New study finds disturbing online trends

A new study has revealed some disturbing findings about what kids are exposed to on social media.

INDIANAPOLIS (WISH) — A new study has revealed some disturbing findings about what kids are exposed to on social media.

This comes as summer break is just starting, and extra time out of the classroom could mean extra time spent online.

The study, called “Teens & the Screen,” is from internet security company McAfee.

It’s biggest finding is that more kids are using technology to bully one another.

“We’re starting to see more and more leak outside of the virtual world into reality,” McAfee’s Chief Privacy Officer, Michelle Dennedy, said.

As if bullying weren’t an epidemic already, it now has a new avenue.

“About half of our kids are having physical altercations or arguments based on what they’re learning and having conflicts online,” Dennedy said.

While much of what kids do online is harmless, the study found that 87 percent of kids have witnessed cyberbullying, three times more than in 2013; 26 percent are victims.

Dennedy, a mom herself, says kids using social media, like Facebook, Twitter and Instagram, to bully one another is the study’s most shocking finding.

“It becomes like a mini paparazzi,” she said.

Most bullying is over looks, followed by race, religion and sexual orientation, according to the study.

Another issue is the amount of private information kids share.

The study found that 30 percent of kids give out their phone number online; 14 percent give their home address.

Parents can’t supervise around the clock, but they can make sure what their kids do online is safe.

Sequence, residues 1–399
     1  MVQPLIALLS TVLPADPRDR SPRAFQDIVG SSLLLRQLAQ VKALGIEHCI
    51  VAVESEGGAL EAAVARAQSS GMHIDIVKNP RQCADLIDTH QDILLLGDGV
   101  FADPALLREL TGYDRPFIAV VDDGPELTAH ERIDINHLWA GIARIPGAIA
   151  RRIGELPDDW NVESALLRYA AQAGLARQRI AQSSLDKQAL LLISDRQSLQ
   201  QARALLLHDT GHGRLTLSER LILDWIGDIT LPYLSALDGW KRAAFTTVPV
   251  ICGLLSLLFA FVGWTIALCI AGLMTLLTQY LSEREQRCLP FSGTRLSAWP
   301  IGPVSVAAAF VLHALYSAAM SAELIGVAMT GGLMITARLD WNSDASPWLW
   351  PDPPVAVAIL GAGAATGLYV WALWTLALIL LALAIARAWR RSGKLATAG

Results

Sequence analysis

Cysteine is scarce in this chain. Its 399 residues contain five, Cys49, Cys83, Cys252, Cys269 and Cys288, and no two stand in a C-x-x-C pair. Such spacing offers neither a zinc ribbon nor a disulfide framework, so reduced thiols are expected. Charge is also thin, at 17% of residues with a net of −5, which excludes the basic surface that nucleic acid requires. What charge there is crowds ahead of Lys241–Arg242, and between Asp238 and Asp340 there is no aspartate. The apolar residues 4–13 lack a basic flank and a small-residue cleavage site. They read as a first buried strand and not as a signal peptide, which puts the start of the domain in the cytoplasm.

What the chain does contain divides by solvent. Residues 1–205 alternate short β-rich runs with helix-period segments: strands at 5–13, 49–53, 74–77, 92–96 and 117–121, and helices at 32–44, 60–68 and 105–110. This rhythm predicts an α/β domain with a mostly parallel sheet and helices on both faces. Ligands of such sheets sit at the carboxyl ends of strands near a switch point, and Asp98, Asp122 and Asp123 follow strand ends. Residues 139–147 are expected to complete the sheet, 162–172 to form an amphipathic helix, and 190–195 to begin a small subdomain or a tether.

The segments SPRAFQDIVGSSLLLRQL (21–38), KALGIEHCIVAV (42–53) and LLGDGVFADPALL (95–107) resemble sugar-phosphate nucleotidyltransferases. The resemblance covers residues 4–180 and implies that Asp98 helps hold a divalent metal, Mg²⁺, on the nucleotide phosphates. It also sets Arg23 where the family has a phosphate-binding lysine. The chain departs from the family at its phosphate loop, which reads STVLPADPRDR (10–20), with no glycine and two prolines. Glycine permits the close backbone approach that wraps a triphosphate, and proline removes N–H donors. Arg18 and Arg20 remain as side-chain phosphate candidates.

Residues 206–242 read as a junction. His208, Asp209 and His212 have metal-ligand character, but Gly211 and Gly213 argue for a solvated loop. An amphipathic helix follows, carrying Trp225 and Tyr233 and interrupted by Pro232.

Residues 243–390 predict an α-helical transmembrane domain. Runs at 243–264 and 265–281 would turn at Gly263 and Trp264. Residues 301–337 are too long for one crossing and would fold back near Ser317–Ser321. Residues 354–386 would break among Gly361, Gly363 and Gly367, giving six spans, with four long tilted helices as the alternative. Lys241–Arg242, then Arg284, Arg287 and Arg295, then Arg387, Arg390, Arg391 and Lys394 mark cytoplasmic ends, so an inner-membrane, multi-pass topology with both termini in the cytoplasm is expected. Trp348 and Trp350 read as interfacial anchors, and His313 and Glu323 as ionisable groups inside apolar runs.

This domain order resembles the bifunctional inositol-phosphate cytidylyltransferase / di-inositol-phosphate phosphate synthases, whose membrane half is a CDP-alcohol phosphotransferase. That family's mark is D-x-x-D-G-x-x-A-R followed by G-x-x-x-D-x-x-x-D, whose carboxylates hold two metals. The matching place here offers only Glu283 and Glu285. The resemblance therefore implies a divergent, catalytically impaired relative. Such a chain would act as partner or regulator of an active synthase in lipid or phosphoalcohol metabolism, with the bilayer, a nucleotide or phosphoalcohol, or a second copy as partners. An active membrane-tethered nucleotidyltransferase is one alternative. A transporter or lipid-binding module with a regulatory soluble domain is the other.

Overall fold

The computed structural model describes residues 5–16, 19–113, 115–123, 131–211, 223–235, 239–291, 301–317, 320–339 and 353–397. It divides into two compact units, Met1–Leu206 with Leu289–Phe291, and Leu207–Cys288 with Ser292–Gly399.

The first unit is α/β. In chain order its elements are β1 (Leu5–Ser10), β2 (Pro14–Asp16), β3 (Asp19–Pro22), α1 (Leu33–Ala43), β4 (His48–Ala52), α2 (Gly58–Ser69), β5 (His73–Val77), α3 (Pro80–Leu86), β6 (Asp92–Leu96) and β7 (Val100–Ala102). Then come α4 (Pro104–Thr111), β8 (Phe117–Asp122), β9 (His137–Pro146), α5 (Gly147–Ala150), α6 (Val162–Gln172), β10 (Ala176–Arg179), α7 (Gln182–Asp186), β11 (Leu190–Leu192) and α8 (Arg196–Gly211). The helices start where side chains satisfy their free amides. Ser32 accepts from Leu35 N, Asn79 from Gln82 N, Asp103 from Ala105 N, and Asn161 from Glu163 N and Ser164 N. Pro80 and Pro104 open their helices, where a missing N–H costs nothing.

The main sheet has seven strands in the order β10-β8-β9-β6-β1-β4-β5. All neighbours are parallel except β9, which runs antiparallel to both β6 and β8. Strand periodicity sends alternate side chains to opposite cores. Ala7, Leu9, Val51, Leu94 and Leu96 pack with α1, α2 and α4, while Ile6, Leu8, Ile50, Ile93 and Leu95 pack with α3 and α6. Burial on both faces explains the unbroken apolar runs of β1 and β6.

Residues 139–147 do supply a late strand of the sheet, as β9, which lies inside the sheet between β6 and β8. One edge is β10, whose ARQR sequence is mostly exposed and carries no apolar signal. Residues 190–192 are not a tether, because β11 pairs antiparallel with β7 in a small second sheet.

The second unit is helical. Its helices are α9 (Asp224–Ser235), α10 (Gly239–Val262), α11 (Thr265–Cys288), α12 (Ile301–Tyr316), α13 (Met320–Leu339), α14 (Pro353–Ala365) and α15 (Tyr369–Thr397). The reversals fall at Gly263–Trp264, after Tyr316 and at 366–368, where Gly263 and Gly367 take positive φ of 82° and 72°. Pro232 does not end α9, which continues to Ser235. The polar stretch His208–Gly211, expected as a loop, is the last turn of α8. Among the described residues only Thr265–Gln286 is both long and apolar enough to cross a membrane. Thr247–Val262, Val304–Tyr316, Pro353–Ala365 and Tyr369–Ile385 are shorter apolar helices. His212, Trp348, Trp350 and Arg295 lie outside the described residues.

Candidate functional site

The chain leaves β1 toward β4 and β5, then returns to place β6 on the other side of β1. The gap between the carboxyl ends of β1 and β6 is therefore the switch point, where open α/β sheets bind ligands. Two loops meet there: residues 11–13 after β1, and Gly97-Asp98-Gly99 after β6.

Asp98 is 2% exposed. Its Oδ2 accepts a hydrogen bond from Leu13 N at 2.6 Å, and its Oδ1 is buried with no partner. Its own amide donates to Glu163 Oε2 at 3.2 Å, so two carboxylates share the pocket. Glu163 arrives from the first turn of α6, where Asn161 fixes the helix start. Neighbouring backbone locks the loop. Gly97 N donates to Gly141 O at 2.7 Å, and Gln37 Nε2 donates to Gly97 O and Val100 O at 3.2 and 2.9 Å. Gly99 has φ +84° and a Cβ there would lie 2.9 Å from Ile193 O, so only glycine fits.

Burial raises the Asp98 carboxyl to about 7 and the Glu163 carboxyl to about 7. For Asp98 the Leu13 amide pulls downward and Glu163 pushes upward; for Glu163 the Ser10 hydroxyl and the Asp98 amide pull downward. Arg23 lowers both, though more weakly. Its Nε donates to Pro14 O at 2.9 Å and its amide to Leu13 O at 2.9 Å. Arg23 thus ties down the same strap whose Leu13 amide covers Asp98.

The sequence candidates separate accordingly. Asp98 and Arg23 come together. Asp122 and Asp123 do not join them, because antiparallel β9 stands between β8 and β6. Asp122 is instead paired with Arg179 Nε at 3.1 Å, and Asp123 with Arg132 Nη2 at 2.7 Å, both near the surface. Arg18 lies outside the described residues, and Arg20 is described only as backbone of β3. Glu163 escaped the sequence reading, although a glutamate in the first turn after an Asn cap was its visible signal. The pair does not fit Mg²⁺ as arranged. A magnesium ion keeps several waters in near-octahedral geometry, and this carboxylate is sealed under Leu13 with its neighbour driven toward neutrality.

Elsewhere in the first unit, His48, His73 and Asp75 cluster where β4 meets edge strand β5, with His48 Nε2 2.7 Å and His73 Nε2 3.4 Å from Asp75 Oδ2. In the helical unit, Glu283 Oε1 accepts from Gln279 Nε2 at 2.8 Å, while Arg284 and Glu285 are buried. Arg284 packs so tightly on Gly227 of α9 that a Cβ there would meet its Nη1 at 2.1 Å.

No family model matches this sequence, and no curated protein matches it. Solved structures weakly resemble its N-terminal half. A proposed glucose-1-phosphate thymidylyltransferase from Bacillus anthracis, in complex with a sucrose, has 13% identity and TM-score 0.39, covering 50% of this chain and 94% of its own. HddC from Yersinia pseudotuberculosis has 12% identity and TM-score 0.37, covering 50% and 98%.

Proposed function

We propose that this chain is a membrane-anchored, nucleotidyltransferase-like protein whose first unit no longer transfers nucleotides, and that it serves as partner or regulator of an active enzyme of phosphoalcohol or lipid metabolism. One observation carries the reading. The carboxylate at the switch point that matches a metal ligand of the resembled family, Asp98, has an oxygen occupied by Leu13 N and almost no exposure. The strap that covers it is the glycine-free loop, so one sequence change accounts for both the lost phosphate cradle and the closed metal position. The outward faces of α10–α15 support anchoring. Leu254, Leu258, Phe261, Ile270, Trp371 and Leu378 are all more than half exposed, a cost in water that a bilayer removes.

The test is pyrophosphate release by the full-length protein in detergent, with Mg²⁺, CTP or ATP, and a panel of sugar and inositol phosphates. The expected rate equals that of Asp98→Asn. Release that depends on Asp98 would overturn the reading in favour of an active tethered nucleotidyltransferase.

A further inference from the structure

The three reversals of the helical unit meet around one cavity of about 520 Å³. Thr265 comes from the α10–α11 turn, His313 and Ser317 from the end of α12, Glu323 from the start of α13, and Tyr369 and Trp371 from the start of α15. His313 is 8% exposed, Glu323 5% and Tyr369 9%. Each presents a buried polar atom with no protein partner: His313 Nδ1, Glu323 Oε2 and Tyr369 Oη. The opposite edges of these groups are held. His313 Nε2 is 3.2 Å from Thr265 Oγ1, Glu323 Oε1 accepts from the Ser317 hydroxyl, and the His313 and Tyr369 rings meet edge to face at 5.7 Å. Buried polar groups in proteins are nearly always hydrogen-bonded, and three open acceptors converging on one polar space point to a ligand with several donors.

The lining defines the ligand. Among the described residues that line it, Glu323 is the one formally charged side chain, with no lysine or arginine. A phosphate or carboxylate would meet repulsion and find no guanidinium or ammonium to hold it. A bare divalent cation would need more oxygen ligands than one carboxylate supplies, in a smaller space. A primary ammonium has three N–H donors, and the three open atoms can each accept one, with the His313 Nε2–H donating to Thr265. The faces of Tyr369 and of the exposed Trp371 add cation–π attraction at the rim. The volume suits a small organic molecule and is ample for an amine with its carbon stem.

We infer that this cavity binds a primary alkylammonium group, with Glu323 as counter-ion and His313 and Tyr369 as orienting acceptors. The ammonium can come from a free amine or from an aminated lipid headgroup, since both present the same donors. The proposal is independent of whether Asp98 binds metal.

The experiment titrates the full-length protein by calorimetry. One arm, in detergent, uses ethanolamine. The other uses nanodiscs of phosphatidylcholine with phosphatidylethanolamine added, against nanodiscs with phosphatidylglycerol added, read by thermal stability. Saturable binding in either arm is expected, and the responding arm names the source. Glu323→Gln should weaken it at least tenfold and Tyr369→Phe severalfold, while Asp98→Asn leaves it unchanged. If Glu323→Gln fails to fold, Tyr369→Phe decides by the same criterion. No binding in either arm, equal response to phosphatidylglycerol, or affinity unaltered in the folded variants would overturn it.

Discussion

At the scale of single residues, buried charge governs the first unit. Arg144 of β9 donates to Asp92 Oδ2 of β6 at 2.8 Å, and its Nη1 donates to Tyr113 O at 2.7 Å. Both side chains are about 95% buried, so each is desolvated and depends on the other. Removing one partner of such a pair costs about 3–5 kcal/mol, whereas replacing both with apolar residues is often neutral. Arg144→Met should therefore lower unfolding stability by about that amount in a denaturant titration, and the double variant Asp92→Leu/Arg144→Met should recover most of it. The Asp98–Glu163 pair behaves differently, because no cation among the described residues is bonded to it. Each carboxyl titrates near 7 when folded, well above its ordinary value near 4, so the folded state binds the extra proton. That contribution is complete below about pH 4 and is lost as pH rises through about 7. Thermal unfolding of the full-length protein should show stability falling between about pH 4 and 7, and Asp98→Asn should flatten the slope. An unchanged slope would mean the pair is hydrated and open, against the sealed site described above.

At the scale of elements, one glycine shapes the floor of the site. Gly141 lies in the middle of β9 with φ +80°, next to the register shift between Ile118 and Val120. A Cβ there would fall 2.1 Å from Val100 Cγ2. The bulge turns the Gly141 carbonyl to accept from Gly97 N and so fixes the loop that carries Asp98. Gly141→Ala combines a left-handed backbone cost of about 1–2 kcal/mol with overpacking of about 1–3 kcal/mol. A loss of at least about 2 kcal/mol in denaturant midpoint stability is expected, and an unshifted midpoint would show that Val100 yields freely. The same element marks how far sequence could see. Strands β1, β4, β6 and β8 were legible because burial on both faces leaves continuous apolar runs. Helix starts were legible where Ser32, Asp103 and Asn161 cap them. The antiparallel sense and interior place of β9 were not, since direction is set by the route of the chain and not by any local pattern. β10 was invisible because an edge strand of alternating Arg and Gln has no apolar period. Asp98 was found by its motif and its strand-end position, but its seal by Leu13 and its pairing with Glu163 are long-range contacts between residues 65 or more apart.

“We monitor everything on her internet on her phone, we monitor everything, my husband and I,” Indianapolis mom Vickie Brown said.

Her daughter Tyranny, soon to be a 6th grader, has web access, she said, but with conditions.

“We have blockers on her phone, and then if texts come through, we can see what the texts are,” Brown said. “I have access to all of her emails. It comes directly to my phone if she gets an email.”

It’s this involvement, Dennedy says, that may not be popular with kids, but is key to their safety.

“Start young, have this conversation when your kids still are talking to you, when they’re 10 and under, for example, so that they’re growing up knowing what your rules are in the house,” Dennedy said.

Top 5 recommendations for parents:

  • Connect with your kids. Talk to them about online risks; make sure communication lines are open.
  • Gain access. Parents should have passwords for their children’s social media accounts and full access to their kid’s devices.
  • Learn their technology. Research the devices your kids use; know more about their devices than they do.
  • Get social. Know about the latest social networks; understand how they work and if your kids use them.
  • Reputation management. Make sure kids know anything they post does not have an expiration date.

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